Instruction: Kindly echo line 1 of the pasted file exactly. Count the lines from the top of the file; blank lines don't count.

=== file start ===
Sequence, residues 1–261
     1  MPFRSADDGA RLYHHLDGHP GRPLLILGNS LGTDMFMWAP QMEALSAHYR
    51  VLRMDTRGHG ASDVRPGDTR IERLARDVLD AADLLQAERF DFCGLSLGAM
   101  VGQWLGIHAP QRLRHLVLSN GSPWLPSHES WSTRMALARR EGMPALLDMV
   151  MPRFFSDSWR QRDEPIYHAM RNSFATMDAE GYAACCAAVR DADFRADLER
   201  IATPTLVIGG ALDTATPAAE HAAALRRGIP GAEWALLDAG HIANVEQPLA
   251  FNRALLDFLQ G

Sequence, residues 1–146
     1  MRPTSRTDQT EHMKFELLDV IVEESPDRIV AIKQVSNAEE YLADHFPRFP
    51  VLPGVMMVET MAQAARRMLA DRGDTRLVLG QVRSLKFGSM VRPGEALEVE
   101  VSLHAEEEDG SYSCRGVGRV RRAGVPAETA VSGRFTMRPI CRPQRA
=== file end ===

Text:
Sequence, residues 1–261